Human 'mini-brain' develops slowest among primates
Researchers grow brains in a lab and discover that human neurons develop more slowly than those of other primates.
New research shows that human "mini-brains" develop more slowly than those of other primates.
"Mini-brains" are miniature collections of cells that allow scientists to study how the brain develops.
A Swiss team has grown artificial human, chimp and macaque versions in their lab from stem cells.
In a study published in Nature journal, the team produced an "atlas" of the genes involved in each stage of the three types of brain development.
They say the work will help them to answer the basic question of what makes us human.
Stem cells are the body's master cells, which can then grow into more specialised tissues.
The recent emergence of the technology to grow brain tissue from stem cells has enabled researchers to directly compare brain development in different primates. The "mini-brains" are grown for four months and are about the size of a pea.
Known formally as "cerebral organoids", they are simple structures consisting of different types of brain cells and are not capable of any functions.
The researchers noted that the three types of brain developed at the same speed to begin with, but once the cells began to specialise into different types of neurons, the macaque's developed the fastest, followed by the chimpanzee, with the human brain being the slowest.
Co-author Prof Barbara Treutlein of Basel University, Switzerland, said the slow development might be required to develop the larger and more complex human brain.
"It seems that we take more time to develop our brains but the end state that we reach is more complex. Maybe it takes this additional time to get the greater number of connections between neurons and reach the higher cognitive functions we have. But we don't really know yet why this might be the case," she told BBC News.
All cells develop by following instructions contained in DNA. But the genetic information of humans and chimps has comparatively few differences yet their brains are very different. Prof Treutlein believes that the resolution of this this apparent dichotomy is that the timing and sequence of how brain-building instructions are read from the genes are different. To assess this, her team took thousands of snapshots of what the genes were doing at each stage of brain development of the three types of mini-brains.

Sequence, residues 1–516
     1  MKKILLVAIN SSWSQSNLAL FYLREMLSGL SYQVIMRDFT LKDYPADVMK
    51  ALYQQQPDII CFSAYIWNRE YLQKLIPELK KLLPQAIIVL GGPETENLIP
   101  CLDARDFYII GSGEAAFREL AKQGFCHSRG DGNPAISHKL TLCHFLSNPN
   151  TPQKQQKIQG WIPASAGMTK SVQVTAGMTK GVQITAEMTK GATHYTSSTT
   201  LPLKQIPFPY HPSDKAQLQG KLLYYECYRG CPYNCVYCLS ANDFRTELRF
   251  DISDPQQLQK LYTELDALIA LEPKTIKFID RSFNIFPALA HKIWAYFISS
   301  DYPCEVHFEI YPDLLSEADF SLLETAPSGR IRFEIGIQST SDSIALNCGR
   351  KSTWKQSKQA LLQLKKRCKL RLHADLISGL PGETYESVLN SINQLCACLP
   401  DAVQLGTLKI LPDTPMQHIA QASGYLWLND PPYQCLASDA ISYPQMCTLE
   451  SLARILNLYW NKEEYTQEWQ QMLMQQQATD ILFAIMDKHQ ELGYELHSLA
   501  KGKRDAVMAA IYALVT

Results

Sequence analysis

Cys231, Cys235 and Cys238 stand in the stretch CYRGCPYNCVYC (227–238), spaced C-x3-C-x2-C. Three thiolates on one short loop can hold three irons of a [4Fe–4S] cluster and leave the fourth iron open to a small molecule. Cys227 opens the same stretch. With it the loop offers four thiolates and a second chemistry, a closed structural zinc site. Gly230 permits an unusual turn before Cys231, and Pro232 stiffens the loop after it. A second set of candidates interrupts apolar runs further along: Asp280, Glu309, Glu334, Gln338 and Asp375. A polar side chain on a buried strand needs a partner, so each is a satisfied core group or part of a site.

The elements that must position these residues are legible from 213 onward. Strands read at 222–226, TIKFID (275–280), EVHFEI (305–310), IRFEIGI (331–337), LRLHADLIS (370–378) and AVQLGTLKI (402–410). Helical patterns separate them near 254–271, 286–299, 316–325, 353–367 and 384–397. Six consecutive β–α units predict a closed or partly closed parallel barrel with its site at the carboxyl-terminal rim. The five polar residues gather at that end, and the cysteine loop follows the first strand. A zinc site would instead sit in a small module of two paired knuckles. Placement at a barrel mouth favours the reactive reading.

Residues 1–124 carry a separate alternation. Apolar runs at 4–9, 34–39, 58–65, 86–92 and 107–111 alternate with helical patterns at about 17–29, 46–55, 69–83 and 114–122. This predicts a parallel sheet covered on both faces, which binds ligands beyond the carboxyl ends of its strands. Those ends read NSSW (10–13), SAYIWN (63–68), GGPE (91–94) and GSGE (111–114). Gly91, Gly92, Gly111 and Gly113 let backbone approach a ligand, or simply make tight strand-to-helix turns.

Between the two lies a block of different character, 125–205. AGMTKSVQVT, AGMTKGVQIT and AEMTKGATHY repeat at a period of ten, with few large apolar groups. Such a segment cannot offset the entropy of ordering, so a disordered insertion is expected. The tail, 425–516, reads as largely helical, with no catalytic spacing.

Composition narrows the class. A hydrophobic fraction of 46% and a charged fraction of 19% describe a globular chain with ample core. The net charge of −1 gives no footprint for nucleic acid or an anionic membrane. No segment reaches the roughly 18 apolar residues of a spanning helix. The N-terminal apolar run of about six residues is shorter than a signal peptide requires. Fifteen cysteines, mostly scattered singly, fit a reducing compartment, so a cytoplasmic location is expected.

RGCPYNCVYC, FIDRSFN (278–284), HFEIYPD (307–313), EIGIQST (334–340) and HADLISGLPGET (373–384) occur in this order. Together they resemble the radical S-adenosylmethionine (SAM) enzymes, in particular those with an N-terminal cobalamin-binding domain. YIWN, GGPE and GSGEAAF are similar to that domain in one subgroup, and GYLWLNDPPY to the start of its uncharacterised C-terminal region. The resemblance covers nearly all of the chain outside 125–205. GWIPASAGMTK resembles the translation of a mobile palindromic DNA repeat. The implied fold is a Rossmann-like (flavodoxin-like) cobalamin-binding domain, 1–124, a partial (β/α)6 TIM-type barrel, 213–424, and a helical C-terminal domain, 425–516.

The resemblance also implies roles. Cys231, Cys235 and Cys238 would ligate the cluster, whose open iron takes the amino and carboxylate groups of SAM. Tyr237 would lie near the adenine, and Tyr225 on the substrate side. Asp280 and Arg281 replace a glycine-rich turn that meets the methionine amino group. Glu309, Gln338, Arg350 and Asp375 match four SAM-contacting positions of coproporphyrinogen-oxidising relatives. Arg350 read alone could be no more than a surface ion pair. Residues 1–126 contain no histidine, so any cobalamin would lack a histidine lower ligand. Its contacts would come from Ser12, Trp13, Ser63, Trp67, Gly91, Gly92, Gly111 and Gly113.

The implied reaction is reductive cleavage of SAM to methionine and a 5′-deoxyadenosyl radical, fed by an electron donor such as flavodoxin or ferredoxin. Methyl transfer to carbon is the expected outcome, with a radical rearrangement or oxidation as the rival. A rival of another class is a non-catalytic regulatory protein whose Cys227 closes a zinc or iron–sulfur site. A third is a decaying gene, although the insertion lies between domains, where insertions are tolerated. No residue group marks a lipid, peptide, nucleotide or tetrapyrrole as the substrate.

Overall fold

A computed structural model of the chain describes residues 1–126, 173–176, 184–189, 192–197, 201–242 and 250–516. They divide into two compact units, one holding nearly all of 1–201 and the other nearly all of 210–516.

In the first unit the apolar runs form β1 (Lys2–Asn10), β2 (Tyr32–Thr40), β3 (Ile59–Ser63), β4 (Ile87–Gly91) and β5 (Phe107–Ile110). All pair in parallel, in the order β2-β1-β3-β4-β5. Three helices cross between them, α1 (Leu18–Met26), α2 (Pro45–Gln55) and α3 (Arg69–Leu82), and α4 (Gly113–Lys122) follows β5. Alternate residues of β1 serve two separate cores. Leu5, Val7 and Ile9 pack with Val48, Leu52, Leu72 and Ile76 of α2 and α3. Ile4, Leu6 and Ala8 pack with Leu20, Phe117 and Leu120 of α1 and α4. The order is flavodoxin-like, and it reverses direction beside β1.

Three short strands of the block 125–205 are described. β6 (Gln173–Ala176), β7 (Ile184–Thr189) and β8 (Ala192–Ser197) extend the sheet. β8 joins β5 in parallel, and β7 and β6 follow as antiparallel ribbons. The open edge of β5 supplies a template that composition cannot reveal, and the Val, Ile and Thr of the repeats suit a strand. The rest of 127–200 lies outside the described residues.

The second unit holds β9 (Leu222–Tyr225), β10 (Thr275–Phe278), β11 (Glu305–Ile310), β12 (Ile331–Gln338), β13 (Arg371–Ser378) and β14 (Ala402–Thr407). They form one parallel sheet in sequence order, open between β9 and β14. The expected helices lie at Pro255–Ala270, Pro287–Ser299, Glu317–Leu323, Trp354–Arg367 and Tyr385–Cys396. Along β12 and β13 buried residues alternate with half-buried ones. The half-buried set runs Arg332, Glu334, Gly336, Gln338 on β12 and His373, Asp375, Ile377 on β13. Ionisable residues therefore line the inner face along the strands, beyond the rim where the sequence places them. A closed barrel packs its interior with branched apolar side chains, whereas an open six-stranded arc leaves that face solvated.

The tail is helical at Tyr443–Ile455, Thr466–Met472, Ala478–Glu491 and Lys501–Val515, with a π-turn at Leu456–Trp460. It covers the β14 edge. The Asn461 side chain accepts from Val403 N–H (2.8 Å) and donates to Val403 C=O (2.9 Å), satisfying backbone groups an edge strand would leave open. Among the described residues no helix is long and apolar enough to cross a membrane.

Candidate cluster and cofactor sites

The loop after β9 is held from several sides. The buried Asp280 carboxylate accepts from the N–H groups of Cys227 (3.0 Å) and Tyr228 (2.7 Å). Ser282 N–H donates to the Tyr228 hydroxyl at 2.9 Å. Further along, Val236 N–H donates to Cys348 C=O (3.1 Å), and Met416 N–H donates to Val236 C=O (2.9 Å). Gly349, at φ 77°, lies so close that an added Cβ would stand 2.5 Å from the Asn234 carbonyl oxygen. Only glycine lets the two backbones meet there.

Put together the snapshots give what the researchers call an "atlas" of brain development for each primate brain. These atlases give researchers a resource with which to examine the roles of collections of genes in brain development.
According to Dr Grayson Camp, also at Basel University, the differences between the human and chimp brains should give an indication why our brains are more complex.
"We want to find out whether the emergent properties of the human brain come from a small number of genetic changes that have a big effect or very many small genetic changes that have a cumulative effect," he said.
Dr Madeline Lancaster of the UK's Medical Research Council (MRC) said that the mini-brain approach was helping researchers, such as herself to answer the "basic question of what makes us human".
"We have complex language and are capable of abstract reasoning and chimps don't. Work with (mini-brains) won't model those differences because they are not functioning brains," she said.
"But they will help us understand the very important differences early on in development that set the stage for our cognitive abilities.
Dr Lancaster is not connected with the Swiss team's research, but uses mini-brains for her own research at the Laboratory of Molecular Biology in Cambridge. She is working with Prof Treutlein, Dr Camp and others in the field to develop an ethical framework for their research.
The mini-brains are relatively simple cellular structures and nowhere near capable of consciousness. But they will become more advanced as research progresses. The research community is therefore working with ethicists to develop a regulatory framework for the future, according to Dr Lancaster.
"It is always good to think ahead," she said.
"We don't want to run into a situation where someone has created something truly unethical and we try and deal with the consequences after the event."
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